In 2012, The Reader Berlin and ‘one of the world’s greatest bookshops’ (BBC Travel) invited writers to share their stories featuring Another Country. The judges were Sharmaine Lovegrove (Dialogue Books), Kenneth Macleod (THE INCIDENT, Wiedenfeld & Nicolson) and Jen Hewson (Rogers, Coleridge & White). This book is an anthology of the winning entries, a showcase of new writing talent and a tribute to a very special venue. With further contributions by Sophia Raphaeline, owner of Another Country, and Reader Berlin founder, Victoria Gosling. The authors of the anthology are: Victoria Gosling Sophia Raphaeline Ambika Thompson Marcus Speh Johanne Da Rocha Abreu Brittani Sonnenberg Pippa Anais Gaubert Neil Bristow Bronwyn Carter
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The Reader Berlin
TALES FROM ANOTHER COUNTRY
Edited by Victoria Gosling
Published by The Reader Berlin in association with Another Country bookshop.
Text copyright © individual authors 2014
published by: epubli GmbH, Berlin, www.epubli.de
The moral rights of the author have been asserted.
This book is sold subject to the condition that it shall not, by way of trade or otherwise, be lent, resold, hired out, or otherwise circulated without the publisher’s prior consent in any form of binding or cover other than that in which it is published and without a similar condition, including this condition, being imposed on the subsequent purchaser.
Foreword by Victoria Gosling
The Cellar Quiz by Sophie Raphaeline
The Inheritance by Neil Bristow
Train by Pippa Anais Gaubert
May 1st by Johanna da Rocha Abreu
A Guide to Shoplifting in Berlin by Brittani Sonnenberg
The Preparation by Marcus Speh
A Sexually Provocative Short Story by Ambika Thompson
Another Country – Some Short Histories by Sophie Raphaeline
The Dream of a Library by Victoria Gosling
Tuesday in the Basement by Bronwyn Carter
This book is very much a team effort. It would not exist without Kenny Macleod, Sharmaine Lovegrove, Jennifer Hewson, Sophie Raphaeline, Anna Marijn Koppen, Jane Flett and Annabel Brady-Brown.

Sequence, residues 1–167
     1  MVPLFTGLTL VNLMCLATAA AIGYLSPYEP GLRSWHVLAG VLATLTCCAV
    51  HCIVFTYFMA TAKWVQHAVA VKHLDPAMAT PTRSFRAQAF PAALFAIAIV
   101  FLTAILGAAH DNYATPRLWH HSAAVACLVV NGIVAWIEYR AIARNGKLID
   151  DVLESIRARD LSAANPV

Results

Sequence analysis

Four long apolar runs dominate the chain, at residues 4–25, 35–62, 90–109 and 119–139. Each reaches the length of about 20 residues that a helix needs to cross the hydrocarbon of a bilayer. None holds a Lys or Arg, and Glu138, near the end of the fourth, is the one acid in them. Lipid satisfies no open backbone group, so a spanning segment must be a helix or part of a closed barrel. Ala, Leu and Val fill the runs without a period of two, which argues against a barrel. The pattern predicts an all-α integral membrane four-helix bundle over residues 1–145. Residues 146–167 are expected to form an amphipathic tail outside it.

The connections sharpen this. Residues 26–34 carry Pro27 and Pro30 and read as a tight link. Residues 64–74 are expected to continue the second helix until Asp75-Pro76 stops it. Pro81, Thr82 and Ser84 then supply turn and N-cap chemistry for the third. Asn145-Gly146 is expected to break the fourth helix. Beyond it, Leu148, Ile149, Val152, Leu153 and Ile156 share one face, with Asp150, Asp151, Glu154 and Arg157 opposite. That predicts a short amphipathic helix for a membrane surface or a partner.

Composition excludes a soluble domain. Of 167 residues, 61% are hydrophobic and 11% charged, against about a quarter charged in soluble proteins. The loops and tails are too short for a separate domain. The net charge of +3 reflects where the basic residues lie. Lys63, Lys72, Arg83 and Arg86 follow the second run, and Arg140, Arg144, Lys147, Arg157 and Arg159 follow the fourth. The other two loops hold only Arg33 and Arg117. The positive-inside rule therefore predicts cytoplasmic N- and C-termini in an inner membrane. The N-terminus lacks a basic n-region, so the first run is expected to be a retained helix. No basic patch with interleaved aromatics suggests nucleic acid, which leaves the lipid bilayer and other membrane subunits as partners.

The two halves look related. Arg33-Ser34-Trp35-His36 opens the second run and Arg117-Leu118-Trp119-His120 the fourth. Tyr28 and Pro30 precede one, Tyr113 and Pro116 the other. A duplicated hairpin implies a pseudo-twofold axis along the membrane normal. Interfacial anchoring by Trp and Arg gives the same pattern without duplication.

With special thanks to epubli and The Curved House.
Where questions, tossed like thistle spears,
prick the attempt, the gasp of secret knowledge, leavening
the slow outbreath that fills a room unanswered by the word.
A cornucopia of knowing, a wine of truth,
flush cheeks out with the fill and rush of it,
as Circe’s pets, puffed up, bay out the law
of sweet sophistry from the basement’s maw.
A knocking at the gate; the intention
of visitation raising such questions that tempt,
that lead me to a different part, another play
and played upon… Come, court me now,
with scents and smokes and seals, with dusty hands and heels,
call me to accounts – Where? Who? What? When?
Conjure my beating heart again.
Welcome to Tales from Another Country, an extension of that strange realm, the Another Country Bookshop. Showcased here are the winners of The Reader Berlin’s 2012 Short Story Competition. From Neil Bristow’s “The Inheritance”, which went on to win the competition and be published in The EXBERLINER, to the marvellous tales dreamt up by Ambika Thompson, Johanna da Rocha Abreu, Brittani Sonnenberg, Pippa Anais Gaubert and Marcus Speh, it has been a pleasure and a privilege to discover the work of such talented writers.
This project has been in the pipeline for some time now – time moves more slowly in Another Country – and since then The Reader Berlin has hosted all kinds of workshops and events in the creative writing sphere. It’s wonderful to see that Berlin continues to foster and attract authors from all over the world.
Some of our courses take place in the bookshop and I never come through the doors without experiencing a thrill of pleasure that such a place exists. It is, after all, the kind of bookshop one finds in books: ramshackle, pungent, full of odd finds. The librarian is herself a magical creature – part sphinx, part oracle. She of the roast bird-in-a-bird and dazzling non-sequiturs. You can eat, drink, smoke even, and there is a gratifying lack of signs telling you not to touch something. On a pile of books, papal purple, clasped tight as a rosebud, is a cabbage intended for Friday’s supper. Someone is having a nap by the radiator downstairs. Sophie busies herself creating questions for the quiz as customers recline in armchairs or roam the shelves.
Once upon a time there seemed to be more of these places, small kingdoms run according to the owner’s passionate enthusiasms, that you couldn’t imagine making a profit and yet which seemed to be there year after year. There is something magic about them, and these days we are less comfortable with magic – perhaps it reminds us too much of what we have lost – which is perhaps why they grow scarcer.